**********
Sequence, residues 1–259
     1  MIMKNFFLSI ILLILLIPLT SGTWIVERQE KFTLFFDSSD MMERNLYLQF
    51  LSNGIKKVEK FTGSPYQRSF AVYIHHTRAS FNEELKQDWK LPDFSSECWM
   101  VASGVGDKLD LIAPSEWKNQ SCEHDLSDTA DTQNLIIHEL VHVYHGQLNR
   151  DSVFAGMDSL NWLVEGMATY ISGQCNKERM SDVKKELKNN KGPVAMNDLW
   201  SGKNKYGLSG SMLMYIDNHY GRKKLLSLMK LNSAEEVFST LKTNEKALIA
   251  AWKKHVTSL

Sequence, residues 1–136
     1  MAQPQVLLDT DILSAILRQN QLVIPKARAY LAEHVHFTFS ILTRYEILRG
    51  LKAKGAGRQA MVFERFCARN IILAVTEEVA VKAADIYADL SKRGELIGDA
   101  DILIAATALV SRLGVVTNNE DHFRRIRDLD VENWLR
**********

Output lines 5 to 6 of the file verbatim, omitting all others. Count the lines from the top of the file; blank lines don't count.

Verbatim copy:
   151  DSVFAGMDSL NWLVEGMATY ISGQCNKERM SDVKKELKNN KGPVAMNDLW
   201  SGKNKYGLSG SMLMYIDNHY GRKKLLSLMK LNSAEEVFST LKTNEKALIA